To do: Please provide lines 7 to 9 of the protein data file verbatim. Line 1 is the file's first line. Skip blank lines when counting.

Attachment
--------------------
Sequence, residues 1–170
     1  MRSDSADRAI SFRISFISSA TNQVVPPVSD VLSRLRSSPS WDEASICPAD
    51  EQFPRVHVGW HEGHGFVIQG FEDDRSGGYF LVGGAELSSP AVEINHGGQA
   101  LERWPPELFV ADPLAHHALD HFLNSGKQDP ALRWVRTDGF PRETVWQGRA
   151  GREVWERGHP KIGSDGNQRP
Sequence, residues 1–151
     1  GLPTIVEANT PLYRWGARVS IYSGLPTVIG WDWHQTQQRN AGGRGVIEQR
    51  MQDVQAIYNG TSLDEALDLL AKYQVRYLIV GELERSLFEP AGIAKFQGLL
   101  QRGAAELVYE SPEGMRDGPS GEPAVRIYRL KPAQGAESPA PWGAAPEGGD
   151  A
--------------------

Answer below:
     1  GLPTIVEANT PLYRWGARVS IYSGLPTVIG WDWHQTQQRN AGGRGVIEQR
    51  MQDVQAIYNG TSLDEALDLL AKYQVRYLIV GELERSLFEP AGIAKFQGLL
   101  QRGAAELVYE SPEGMRDGPS GEPAVRIYRL KPAQGAESPA PWGAAPEGGD